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Hmm yeah I read that, but the first bolded portion is exactly what confused me. It says that multiple adjacent \remark commands will be joined into a single paragraph. That's not what I want. I want separate paragraphs. But then the next sentence does go on to say that "each remark will start on a new line", so this is probably just a documentation bug. It should probably say "block" or "section", rather than "paragraph". Good to know that this is the official solution, although I still think it looks like a mistake. –  Cody Gray Sep 21 '12 at 21:01
    
You're right, I overlooked that. I think it must be just a documentation error, given the behaviour you mention in the question. This is why I think it is less confusing to use \remark, rather than \remarks. If you don't like the way the documentation looks I would just drop the \remarks altogether or combine the two remarks into one: i.e. \remark Note that this function is reentrant, but not thread-safe! If thread safety is required, the user must handle locking and unlocking the region manually. –  Chris Sep 22 '12 at 9:54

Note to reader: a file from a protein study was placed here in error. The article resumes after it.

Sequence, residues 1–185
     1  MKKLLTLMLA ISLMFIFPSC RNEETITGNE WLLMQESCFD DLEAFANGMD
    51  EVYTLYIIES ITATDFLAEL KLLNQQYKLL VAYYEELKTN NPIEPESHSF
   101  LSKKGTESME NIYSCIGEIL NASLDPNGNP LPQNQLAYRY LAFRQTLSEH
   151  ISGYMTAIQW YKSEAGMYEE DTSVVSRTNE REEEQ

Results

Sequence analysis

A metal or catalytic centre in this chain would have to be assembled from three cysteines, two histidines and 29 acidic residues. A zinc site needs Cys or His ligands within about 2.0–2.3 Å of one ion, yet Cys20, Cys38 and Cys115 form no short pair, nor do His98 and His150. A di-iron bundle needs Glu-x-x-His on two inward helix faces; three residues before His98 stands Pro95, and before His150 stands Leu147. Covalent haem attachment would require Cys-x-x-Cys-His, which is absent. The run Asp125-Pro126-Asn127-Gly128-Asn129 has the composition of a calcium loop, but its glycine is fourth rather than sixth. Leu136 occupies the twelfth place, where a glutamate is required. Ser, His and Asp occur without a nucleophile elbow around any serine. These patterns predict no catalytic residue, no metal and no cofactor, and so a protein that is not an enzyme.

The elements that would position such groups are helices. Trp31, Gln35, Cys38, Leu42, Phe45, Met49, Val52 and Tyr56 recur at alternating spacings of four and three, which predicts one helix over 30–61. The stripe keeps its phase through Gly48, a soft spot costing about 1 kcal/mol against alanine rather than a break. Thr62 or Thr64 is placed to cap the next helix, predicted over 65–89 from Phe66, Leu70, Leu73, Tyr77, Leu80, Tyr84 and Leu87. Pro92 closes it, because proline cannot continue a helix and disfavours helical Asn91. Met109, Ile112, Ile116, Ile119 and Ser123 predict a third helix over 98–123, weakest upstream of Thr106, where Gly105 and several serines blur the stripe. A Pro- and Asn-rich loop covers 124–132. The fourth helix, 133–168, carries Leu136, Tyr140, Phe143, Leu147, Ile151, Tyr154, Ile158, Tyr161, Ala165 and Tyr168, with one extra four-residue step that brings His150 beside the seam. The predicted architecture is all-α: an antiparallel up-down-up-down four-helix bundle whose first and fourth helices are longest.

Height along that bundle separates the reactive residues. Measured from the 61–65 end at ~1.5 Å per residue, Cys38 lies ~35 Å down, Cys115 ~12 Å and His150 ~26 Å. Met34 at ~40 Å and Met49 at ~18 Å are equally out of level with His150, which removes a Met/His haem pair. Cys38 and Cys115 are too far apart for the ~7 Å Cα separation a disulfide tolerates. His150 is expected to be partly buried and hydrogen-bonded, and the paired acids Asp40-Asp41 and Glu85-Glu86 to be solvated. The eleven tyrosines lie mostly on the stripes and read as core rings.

Indeed, typing \remark makes me feel slightly better about it. Thanks for the tip! –  Cody Gray Sep 24 '12 at 20:54

One solution that seems to work that I haven't seen mentioned here, is to end your lines with \n. This will keep everything grouped together, while putting in the white space you may want to see.

If you want a blank line, make sure the line above has \n, and you have a blank line with \n on it.

In your example, you would want:

/// @remarks
///     Note that this function is reentrant, but not thread-safe!\n
///     \n
///     If thread safety is required, the user must handle locking and unlocking
///     the region manually.

And that should make it appear as you want it to appear.